After a week in Austria, we headed south to Slovenia. We were still on our post-Asia “omg everything is so clean and the air is so fresh” high.
Slovenia has only been an independent country since 1991, prior to that being part of Yugoslavia. The local language is Slovene and while the country is only 7,827 square miles (roughly the size of Massachusetts), there’s enough dialects of it that someone in one corner may not understand someone in another. Lucky for us though, English is widely spoken so we had no issues navigating our way though it. Austria borders it to the north, Italy to the west, Croatia to the south and a small portion of Hungary to the east. If you visit Slovenia, I recommend renting a car to bounce around as everything is so close. For us, the cost wasn’t worth it since we’re so used to public transit and have available time for buses and trains. Plus, an international driving permit is technically required and mine expired a month ago. I got it just before leaving home but it’s only valid for a year.
We started in the capital and biggest city, Ljubljana. First order of business was learning how to pronounce it – for reference it is lube-lee-ah-nuh. Just what you thought, right? Before leaving Salzburg we looked for a Ljubljana hotel and were confused to see only one available option in our price range. Then we realized oh crap, it’s Easter weekend. So we ended up in the suburbs and a bus ride away from the center, but at least had a spacious, one-bedroom apartment. An older couple who lived upstairs managed it and were so sweet. The husband only spoke a few words of English. So during check in/walk through he did over exaggerated charades to explain every aspect of the apartment and how to use it. Even pointing to the shampoo bottle and going through the motions of washing his hair. It was hilarious. We saw the wife outside one day and asked if the grocery store was open since it was Easter Monday (both Sunday/Monday are considered part of the holiday there) and she said no. No biggie we thought, we could fend with what we had in the fridge. She then came back concerned and offered to drive us somewhere to find food. We told her thank you, but we would be okay. She must have been so worried we’d go hungry because we got another knock at the door and she had a plate of baked treats for us. So nice! Obviously Trav immediately hugged her.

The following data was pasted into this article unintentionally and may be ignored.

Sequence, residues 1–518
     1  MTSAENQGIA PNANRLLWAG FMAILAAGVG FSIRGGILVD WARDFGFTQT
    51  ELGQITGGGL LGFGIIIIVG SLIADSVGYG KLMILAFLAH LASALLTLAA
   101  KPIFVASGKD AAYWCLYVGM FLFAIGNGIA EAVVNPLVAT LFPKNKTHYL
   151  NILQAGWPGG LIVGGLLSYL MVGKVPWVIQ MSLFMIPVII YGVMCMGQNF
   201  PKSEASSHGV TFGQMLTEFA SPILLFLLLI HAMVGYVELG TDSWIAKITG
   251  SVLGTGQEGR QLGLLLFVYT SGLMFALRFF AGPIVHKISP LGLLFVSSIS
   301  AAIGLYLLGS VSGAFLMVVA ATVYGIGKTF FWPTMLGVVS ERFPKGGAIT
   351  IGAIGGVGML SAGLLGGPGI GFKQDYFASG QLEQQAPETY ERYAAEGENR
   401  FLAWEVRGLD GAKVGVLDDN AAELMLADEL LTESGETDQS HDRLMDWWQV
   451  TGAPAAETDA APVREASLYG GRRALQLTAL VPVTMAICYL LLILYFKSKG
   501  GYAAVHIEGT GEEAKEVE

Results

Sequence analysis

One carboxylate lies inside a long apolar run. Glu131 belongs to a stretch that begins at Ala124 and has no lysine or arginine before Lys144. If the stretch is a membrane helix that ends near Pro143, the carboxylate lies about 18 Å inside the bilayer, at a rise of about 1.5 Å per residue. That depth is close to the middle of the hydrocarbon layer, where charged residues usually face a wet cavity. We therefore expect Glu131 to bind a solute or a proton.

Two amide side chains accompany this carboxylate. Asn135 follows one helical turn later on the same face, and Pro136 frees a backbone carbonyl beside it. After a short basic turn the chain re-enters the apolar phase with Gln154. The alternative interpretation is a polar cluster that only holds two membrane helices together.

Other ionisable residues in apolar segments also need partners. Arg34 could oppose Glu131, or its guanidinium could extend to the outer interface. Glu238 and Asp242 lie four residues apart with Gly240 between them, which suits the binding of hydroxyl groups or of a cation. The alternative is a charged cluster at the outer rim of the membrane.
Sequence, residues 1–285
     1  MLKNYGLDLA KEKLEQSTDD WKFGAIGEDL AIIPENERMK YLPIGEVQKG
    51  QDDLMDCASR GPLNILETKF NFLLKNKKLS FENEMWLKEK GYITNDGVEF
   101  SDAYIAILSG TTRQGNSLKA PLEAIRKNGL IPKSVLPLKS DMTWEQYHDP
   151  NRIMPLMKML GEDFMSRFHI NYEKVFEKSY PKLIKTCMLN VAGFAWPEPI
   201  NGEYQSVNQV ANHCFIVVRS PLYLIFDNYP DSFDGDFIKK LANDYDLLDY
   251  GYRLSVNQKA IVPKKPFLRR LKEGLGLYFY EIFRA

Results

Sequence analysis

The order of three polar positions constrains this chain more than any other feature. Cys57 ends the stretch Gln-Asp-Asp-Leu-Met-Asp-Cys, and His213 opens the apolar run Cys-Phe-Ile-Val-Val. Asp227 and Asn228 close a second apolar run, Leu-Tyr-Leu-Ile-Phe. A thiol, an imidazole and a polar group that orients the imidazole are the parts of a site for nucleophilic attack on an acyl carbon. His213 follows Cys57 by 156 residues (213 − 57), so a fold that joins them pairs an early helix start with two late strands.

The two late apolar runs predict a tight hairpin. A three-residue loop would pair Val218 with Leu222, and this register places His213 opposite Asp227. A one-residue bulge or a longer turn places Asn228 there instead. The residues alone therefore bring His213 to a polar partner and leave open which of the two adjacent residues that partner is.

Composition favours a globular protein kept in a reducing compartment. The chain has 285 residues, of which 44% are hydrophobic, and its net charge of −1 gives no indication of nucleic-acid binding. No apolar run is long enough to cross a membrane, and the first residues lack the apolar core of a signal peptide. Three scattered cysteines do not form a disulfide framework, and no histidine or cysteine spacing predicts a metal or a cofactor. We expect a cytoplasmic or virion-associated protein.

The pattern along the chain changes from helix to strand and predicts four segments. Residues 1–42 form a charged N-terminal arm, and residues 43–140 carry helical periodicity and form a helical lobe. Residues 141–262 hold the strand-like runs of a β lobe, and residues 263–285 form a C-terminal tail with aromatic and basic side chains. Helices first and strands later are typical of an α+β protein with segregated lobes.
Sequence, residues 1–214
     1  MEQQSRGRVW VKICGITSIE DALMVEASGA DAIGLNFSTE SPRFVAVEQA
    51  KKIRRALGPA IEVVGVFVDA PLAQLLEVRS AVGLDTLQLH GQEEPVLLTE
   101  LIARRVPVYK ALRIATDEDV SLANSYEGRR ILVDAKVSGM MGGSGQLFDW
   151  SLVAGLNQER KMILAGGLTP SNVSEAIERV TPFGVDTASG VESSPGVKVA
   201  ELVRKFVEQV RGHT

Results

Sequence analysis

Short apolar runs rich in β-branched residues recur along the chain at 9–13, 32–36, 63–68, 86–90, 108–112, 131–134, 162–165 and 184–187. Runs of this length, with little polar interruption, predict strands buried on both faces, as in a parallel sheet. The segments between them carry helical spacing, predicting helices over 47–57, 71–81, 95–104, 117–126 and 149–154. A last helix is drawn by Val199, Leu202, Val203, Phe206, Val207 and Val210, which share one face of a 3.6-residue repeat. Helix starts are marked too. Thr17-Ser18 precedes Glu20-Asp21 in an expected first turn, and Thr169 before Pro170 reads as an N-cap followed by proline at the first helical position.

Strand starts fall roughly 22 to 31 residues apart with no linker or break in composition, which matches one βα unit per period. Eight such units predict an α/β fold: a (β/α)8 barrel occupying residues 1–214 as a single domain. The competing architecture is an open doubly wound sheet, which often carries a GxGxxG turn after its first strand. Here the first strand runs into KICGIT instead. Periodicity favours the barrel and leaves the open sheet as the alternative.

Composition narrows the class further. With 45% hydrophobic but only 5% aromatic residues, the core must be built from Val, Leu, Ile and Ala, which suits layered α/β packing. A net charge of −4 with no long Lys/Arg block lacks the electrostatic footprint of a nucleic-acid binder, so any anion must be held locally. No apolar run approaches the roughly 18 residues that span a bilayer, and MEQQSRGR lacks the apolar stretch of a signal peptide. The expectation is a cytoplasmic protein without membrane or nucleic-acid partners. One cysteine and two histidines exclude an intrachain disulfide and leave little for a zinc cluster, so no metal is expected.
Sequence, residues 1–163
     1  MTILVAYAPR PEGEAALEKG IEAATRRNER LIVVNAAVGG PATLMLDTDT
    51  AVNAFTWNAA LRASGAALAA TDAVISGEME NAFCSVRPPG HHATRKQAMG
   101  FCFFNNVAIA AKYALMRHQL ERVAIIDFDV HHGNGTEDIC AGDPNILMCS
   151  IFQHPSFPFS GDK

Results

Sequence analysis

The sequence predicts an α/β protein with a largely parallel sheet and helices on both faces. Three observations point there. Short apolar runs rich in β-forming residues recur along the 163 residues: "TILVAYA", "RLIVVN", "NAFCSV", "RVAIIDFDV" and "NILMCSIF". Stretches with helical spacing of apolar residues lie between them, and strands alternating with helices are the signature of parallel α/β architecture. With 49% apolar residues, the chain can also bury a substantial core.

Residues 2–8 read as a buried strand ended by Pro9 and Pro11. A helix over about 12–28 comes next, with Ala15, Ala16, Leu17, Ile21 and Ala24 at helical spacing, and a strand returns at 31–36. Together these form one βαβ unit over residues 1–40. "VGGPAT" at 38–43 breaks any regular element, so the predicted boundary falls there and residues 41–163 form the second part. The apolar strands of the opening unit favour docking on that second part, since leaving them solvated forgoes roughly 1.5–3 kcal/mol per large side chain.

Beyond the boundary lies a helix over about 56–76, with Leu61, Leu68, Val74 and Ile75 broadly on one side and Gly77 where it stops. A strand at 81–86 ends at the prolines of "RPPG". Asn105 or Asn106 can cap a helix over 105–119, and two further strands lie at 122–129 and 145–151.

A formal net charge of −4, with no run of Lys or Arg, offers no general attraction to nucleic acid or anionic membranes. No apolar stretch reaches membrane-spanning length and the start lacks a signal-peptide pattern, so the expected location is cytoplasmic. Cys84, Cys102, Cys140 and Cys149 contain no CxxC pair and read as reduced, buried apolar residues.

Last year Ljubljana won the “Green Capital of Europe” award and prides itself on its green practices. Also, the city restricts car traffic in the center making it super walkable and enjoyable to explore. Café culture is big there and you can find tons of cafes with outdoor seating all along the river and people will spend hours just enjoying a beverage. Even in April with unpredictable temps you can still find everyone sitting outside, just with added blankets. The historic old town area has a lot to offer with architecture, shops, restaurants, etc. But we thought the city overall was just okay and lacked anything special, especially compared to other European cities. For us, we prefered our other stops in Slovenia much better.